The defendant, Gladys Heintz, had a duty to exercise ordinary care to not expose her passengers, or anyone else for that matter, to the foreseeable consequences of her negligence. Her negligence made her liable for all the foreseeable consequences that flowed therefrom, either immediately or thereafter, unless that liability was interrupted by an intervening cause or by considerations of proximate cause. It also could be reasonably concluded, although we do not find it necessary to go to that point in this case, that Gladys Heintz committed a new act of negligence when she left her trapped passenger in the vehicle without attempting any measures to prevent a subsequent collision. Whether this matter is viewed as a continuing chain from the time of the negligent driving or as a new act of negligence in abandoning the pinned passenger, Gladys Heintz's negligence was operative at the time of the second impact. The negligence continued and was operative at such time as the host vehicle was subsequently struck by the other vehicle. Such negligence concurs in point of time with the tortious conduct of the operator of a vehicle who thereafter negligently strikes the stalled automobile.

To the extent that Elizabeth Thomas' negligence contributed to the accident (the second impact) causing injuries, there is joint liability and contribution is required.

The acts of negligence by Gladys Heintz and by Elizabeth Thomas each were proximate causes of the injuries sustained in the second impact. The negligence of Elizabeth Thomas, however, was not a cause of the injuries sustained in the first impact.

Proximate cause does not present a difficult question under these circumstances. The negligence of Gladys Heintz was a substantial factor in causing the second impact, as was the negligence of Elizabeth Thomas. It cannot be said that the negligence of Elizabeth Thomas was an intervening cause. It was rather a cause that arose out of negligence which concurred in time with the still operative negligence of Gladys Heintz.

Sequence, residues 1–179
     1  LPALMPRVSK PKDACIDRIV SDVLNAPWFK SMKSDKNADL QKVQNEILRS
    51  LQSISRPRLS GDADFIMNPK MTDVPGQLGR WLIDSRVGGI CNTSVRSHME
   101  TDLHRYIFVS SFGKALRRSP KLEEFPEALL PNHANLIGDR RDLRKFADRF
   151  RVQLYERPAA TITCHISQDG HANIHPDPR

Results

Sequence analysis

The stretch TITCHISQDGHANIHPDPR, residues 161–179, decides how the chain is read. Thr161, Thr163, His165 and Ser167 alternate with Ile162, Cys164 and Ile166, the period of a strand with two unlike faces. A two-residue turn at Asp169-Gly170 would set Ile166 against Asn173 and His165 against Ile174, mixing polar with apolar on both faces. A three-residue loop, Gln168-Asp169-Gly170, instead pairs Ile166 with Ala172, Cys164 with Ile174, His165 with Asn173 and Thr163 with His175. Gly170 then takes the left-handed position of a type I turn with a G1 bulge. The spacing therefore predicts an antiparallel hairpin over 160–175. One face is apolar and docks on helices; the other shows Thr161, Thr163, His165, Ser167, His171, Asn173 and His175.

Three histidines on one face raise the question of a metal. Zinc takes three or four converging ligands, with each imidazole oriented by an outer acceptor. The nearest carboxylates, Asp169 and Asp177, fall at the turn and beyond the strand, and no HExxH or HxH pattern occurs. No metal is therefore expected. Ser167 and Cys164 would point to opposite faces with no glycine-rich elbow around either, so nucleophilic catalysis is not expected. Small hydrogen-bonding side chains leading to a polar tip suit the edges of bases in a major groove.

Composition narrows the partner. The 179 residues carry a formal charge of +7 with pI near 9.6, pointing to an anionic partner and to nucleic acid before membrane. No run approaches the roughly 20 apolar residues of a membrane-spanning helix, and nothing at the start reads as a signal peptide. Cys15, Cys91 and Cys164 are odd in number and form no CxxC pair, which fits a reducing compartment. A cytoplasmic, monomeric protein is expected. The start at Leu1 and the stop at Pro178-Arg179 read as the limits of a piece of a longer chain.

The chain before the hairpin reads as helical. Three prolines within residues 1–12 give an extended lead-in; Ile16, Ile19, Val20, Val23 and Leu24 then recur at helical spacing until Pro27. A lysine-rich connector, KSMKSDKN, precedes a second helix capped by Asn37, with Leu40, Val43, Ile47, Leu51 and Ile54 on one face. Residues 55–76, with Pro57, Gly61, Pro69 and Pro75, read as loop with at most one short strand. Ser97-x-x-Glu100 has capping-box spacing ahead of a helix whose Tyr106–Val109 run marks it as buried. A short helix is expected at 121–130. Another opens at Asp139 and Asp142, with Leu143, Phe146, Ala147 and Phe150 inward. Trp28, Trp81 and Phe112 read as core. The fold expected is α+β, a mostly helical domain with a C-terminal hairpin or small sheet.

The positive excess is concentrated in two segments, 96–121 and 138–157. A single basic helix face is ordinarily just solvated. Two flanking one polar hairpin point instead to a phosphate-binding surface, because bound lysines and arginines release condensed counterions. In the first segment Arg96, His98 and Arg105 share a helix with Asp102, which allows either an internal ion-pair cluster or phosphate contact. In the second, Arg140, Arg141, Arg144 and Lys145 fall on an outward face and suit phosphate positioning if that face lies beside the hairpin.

The trial judge concluded that contribution was appropriate. That conclusion, however, was based on precedents that have been overruled by this court. His instruction was patterned after Wis J I — Civil, Part II, 1721 concerning damages arising from indivisible injuries from nonconcurrent or successive torts. This instruction is in error under the facts, because the torts in the instant case in part were concurrent. Moreover, that instruction is based on Heims v. Hanke (1958), 5 Wis.2d 465, 93 N.W.2d 455, and Bolick v. Gallagher (1955), 268 Wis. 421, 67 N.W.2d 860. Those cases were predicated on the theory that a jury would find it impossible to allocate responsibility for what we have heretofore termed as indivisible injuries and that therefore contribution was appropriate for the full injury in respect to the negligence of consecutive tort-feasors whose conduct produced an indivisible injury. The language of those cases was withdrawn by this court in Butzow v. Wausau Memorial Hospital (1971), 51 Wis.2d 281, 290, 187 N.W.2d 349. In Butzow, we rejected the idea that liabilities of tort-feasors should be determined on the grounds that the injuries are indivisible. We said:

"We see no more difficulty in allocating damages to the respective negligence of two tort-feasors than we do in allocating the contribution of negligence to two tort-feasors to the injury and damages." (P. 290)

Accordingly, in this case it was incumbent for the jury, under proper instructions by the court, to determine the extent of the injuries sustained in the first impact, and for those injuries Gladys Heintz alone would be answerable in damages. The jury was also required to determine the injuries sustained in the second collision. In respect to those injuries, Gladys Heintz and Elizabeth Thomas were joint tort-feasors, and for those damages each tort-feasor was answerable to the plaintiffs. Contribution is appropriate, as in this case, when one tort-feasor is obliged to assume a disproportionate share of the burden to answer in damages. The burden of contribution is apportioned on the basis of the comparative negligence of the tort-feasors. Bielski v. Schulze (1962), 16 Wis.2d 1, 6, 114 N.W.2d 105.

Inasmuch as the instruction given by the trial judge concerning damages from indivisible injuries was based upon a rule of law that we have heretofore withdrawn, we conclude that the entire cause of action must be retried. The jury was permitted to conclude that each tort-feasor was responsible for the total injuries which the plaintiff sustained in the successive impacts. In our view the jury should have been instructed that Elizabeth Thomas was answerable in damages only for those injuries sustained in the second impact, and it is only in respect to those injuries that contribution would be appropriate between the tort-feasors.

By the Court. — Judgment reversed; cause remanded for a new trial.

Summaries of

Johnson v. Heintz

Supreme Court of Wisconsin
Dec 21, 1973
61 Wis. 2d 585 (Wis. 1973)
Case details for

Johnson v. Heintz

Case Details

Full title:JOHNSON and husband, Plaintiffs and Respondents, v. HEINTZ and another…

Court:Supreme Court of Wisconsin

Date published: Dec 21, 1973


61 Wis. 2d 585 (Wis. 1973)
213 N.W.2d 85